Election 2020

Power-Packed Endorsements Rock Michigan Senate, Gubernatorial Primaries

Republican U.S. Senate candidate John James makes a campaign call at his headquarters in Livonia, Mich., on Aug. 6, 2018. (AP Photo/Paul Sancya)

No one, including Hillary, thought Donald Trump could win Michigan in 2016. Now, the president doesn’t see any reason that he can’t help knock longtime Democratic Sen. Debbie Stabenow out of office and ensure the GOPer of his choice replaces term-limited Republican Gov. Rick Snyder in November.

New York Democratic congressional primary candidate Alexandria Ocasio-Cortez has made it clear who she thinks should be the next governor of Michigan and – no surprise here – her favorite is not the choice of the state’s Democratic establishment.

An African-American West Point graduate, combat veteran, businessman, and Republican, John James, is President Trump’s choice to take on Stabenow in the general election.

“Rarely have I seen a candidate with such great potential. West Point graduate, successful businessman and a [sic] African American leader…” Trump tweeted July 27.  A second tweet from the Oval Office followed minutes later in which Trump wrote, “…John is strong on crime and borders, loves our Military, our Vets and our Second Amendment. He will be a star. He has my full and total Endorsement!”

James responded with a tweet of thanks and made it clear that he intended to be on the president’s side in the Senate.

“Thank you, President Trump! I look forward to working with you to make MICHIGAN, and AMERICA, great again…” James tweeted.

James is in an incredibly close race in the Michigan GOP’s Tuesday primary with another businessman, Sandy Pensler. It was a dead heat in a poll taken before the presidential endorsement. But with 77 percent of Michigan Republicans supporting the president in a recent survey — and 39 percent describing themselves as “Trump Republicans” – it’s a good bet Trump’s nod in James’ favor will impact the race.

Pensler admitted to being “disappointed that President Trump decided to make an endorsement in this campaign.” But while the EPIC-MRA/Detroit Free Press poll released the day before Trump’s tweets of support showed James with 39 percent of the likely GOP vote and Pensler with 38 percent, another 23 percent of Republicans said they hadn’t made up their minds.

And beyond that, another 40 percent said they didn’t feel like they really knew either candidate.

So with such widespread support for Trump among the Michigan GOP base, Pensler made sure to voice his support for their man in the Oval Office.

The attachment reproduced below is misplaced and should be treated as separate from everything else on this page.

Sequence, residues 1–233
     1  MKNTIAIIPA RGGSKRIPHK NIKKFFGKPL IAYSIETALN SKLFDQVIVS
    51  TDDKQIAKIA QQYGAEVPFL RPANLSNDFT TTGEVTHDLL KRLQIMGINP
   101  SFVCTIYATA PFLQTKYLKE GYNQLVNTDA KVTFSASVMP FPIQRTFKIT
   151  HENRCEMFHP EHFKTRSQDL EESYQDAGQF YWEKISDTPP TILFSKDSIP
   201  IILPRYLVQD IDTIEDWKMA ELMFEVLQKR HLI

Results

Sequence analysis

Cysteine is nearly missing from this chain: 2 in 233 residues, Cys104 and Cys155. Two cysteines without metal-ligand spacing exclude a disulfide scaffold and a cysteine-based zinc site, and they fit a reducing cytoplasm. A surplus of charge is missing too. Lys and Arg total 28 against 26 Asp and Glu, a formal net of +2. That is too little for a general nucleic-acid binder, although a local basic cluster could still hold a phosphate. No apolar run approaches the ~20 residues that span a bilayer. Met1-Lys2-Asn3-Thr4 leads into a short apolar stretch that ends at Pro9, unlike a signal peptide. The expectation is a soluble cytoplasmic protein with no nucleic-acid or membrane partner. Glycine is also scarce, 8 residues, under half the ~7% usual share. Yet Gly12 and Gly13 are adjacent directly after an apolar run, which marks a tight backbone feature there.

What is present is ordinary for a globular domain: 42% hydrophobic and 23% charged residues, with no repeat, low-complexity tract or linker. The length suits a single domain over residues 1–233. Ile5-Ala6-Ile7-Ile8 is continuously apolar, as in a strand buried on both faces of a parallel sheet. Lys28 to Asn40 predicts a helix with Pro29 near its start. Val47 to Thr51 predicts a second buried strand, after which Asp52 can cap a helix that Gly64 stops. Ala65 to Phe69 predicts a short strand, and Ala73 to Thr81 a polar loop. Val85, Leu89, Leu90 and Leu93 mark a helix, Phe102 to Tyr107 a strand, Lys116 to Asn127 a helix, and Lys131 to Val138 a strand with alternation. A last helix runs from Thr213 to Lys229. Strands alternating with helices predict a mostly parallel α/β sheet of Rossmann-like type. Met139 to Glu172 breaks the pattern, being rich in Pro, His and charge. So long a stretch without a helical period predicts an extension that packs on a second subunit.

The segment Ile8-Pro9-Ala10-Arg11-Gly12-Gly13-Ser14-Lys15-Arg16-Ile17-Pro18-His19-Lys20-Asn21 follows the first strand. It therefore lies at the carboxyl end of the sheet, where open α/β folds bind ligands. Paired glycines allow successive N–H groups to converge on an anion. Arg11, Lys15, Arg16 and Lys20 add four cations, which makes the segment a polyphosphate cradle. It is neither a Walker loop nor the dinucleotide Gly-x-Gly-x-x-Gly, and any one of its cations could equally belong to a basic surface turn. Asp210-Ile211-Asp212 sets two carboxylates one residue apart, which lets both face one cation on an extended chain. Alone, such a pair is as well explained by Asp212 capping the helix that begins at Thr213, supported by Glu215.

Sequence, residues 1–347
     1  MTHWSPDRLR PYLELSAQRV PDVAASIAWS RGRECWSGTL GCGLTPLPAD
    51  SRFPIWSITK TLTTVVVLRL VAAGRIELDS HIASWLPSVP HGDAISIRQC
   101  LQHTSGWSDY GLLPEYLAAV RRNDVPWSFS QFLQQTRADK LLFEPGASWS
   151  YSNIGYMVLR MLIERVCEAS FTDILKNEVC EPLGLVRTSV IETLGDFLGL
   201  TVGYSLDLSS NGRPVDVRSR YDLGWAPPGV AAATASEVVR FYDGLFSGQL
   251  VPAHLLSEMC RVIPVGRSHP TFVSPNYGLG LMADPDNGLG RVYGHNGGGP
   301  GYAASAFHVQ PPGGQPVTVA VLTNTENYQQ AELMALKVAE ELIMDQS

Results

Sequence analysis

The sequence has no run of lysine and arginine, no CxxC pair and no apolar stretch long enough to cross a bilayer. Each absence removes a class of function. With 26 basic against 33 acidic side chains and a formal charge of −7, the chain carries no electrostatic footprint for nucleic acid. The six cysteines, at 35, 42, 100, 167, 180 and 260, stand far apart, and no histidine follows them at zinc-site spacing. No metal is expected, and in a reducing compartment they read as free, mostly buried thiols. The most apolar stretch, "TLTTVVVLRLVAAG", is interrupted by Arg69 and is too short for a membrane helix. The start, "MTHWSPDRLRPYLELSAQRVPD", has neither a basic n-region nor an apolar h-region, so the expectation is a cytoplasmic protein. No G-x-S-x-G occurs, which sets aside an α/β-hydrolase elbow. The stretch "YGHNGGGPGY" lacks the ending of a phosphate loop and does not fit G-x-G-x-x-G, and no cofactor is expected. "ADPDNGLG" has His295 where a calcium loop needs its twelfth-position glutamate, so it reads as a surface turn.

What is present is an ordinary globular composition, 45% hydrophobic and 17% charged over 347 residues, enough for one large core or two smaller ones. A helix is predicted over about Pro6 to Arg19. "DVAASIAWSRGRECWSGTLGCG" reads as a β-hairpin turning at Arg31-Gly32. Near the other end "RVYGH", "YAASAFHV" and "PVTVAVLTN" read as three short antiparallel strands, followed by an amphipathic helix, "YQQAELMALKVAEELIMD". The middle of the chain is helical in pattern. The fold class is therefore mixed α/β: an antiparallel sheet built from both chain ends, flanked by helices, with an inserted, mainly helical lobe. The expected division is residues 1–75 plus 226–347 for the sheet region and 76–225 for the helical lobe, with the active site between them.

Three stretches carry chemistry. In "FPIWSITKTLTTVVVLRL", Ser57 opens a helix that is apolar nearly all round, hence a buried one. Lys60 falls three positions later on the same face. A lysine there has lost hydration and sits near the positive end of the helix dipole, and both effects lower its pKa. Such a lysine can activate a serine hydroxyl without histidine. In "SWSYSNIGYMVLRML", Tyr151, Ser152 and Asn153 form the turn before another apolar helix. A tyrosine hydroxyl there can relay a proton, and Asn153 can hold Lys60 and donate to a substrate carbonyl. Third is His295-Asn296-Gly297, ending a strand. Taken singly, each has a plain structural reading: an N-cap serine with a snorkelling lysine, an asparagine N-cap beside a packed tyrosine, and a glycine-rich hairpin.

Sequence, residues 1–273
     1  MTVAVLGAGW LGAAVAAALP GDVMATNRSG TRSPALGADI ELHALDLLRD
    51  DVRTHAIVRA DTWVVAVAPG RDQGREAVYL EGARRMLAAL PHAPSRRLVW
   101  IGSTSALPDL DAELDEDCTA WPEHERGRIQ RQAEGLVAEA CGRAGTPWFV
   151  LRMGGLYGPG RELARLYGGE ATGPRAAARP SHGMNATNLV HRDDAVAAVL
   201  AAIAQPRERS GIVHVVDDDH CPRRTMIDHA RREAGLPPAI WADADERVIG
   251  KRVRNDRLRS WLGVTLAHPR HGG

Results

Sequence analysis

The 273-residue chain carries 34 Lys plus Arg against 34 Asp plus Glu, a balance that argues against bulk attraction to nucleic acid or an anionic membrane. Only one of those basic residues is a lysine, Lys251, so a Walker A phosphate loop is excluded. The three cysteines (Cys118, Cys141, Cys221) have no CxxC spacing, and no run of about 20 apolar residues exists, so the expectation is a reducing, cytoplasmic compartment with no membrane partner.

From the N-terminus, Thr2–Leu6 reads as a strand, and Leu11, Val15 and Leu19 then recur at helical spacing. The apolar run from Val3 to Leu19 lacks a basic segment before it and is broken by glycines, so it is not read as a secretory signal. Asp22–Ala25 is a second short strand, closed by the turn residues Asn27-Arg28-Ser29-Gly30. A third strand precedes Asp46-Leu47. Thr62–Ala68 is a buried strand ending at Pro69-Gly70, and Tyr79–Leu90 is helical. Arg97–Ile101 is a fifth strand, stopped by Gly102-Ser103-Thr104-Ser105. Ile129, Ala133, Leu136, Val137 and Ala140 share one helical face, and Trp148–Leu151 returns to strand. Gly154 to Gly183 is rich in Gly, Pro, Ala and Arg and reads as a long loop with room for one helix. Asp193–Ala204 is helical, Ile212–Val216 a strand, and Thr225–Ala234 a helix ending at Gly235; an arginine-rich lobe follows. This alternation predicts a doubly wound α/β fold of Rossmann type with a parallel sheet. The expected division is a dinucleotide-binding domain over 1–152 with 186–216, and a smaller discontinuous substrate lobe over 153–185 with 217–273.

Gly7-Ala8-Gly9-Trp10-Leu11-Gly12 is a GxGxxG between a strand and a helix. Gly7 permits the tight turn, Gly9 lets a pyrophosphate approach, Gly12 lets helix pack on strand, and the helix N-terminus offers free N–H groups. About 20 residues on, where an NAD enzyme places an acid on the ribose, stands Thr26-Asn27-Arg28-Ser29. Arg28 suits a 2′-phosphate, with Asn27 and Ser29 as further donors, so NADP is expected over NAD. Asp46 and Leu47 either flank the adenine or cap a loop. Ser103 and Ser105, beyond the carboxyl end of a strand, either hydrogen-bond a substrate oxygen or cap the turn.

“My support continues for President Trump and his policies, and I believe Michigan Republican voters will see that I have a greater depth and understanding of the issues and will be a stronger voice for our great state in the U.S. Senate,” Pensler added.

As powerful as Trump could be in the Michigan GOP primary, his coattails shrink in November.  An NBC/Marist Poll of Michigan’s registered voters showed 54 percent disapproved of Trump’s performance in office in July.

But with or without Trump, Stabenow is a three-term incumbent with a 55 percent to 37 percent lead over James in the NBC/Marist poll and a 52 percent to 37 percent advantage over Pensler.

The NBC/Marist poll showed Michigan voters also favored former state senator Gretchen Whitmer for governor. Whitmer would have defeated the GOP front-runner, Michigan Attorney General Bill Schuette, 47 percent to 38 percent if the election had been held the day voters were polled.

But not every Democrat wants Whitmer to top the party’s ticket in November.

The Marist poll showed Whitmer leading Shri Thanedar 35 percent to 25 percent and Abdul El-Sayed 35 to 22 percent, but that was before El-Sayed was endorsed by Sen. Bernie Sanders (I-Vt.) and New York Democratic Socialist sensation Ocasio-Cortez.

“The reason I am here today is because what we do in Flint, how we treat Flint is how we treat the nation. The only way to give Flint the dignity it deserves is to fight for Medicare for all, to get money out of politics, to make sure we fight for a 100 percent renewable energy economy in our lifetime,” Ocasio-Cortez said during a campaign appearance for El-Sayed in Flint, Mich., on July 28. “And Abdul El-Sayed is the only person who can deliver on that.”

The Marist poll also showed 18 percent of Michigan primary voters were still undecided.

Will her endorsement carry the same power among Michigan Democrats that President Trump’s blessing is expected to deliver in the GOP primary? The good news for El-Sayed is that it could. The bad news for the Michigan Democratic Party is that it could.

After the Republicans’ 2016 victory in Michigan — blamed on many progressive Dems staying home rather than vote for Hillary and others who didn’t vote because they couldn’t imagine Trump winning — state Democrats aren’t going to take any chances in 2018.

Brandon Dillon, Michigan Democratic Party chairman, told the Detroit Free Press that the party wants to make sure Democrats vote in November whether they think the party’s primary victors are progressive enough or not.

All of the Democratic Party’s primary candidates, along with the party faithful, are expected to attend a luncheon at Detroit’s Book Cadillac Hotel the day after Tuesday’s primary to put hard feelings aside and map a path to victory in November.

Part of that process will be healing a divide between progressive and establishment Democrats.

“Some people will need some time to process a loss, and we’re not making any assumptions about who will win. Whether it’s Abdul, Shri or Gretchen, it’s up to them to set the tone, because there will be a significant amount of people who didn’t vote for them,” Dillon said.

“We have an opportunity this year,” Dillon added, “and people understand that it’s not the time to carry a primary past Aug. 7.”